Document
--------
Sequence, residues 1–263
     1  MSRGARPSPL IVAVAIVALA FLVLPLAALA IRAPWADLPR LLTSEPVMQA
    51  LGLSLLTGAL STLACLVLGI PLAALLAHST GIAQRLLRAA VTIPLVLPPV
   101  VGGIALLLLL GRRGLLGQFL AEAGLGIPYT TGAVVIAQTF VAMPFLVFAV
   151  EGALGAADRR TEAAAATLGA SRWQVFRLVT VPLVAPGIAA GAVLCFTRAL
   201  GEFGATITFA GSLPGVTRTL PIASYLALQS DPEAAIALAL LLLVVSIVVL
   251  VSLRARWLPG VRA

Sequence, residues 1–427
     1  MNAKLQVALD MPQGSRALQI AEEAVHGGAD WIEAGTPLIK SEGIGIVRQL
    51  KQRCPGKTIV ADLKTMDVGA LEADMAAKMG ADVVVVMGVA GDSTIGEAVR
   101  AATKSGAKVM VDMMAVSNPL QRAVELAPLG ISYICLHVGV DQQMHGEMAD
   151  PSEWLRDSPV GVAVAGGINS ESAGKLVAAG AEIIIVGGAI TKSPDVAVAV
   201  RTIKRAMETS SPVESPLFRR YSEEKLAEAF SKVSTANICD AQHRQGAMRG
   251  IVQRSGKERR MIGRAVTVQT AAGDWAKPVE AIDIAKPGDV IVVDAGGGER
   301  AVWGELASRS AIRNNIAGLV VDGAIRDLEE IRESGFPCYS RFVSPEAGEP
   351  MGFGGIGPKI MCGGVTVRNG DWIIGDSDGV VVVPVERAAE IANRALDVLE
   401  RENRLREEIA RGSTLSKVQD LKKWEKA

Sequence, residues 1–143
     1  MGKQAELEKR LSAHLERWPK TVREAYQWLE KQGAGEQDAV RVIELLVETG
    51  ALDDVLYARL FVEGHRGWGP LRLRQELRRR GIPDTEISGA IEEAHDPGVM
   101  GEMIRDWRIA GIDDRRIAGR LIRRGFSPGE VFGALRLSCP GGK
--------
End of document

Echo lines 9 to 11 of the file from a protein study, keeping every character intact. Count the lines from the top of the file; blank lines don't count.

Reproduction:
     1  MNAKLQVALD MPQGSRALQI AEEAVHGGAD WIEAGTPLIK SEGIGIVRQL
    51  KQRCPGKTIV ADLKTMDVGA LEADMAAKMG ADVVVVMGVA GDSTIGEAVR
   101  AATKSGAKVM VDMMAVSNPL QRAVELAPLG ISYICLHVGV DQQMHGEMAD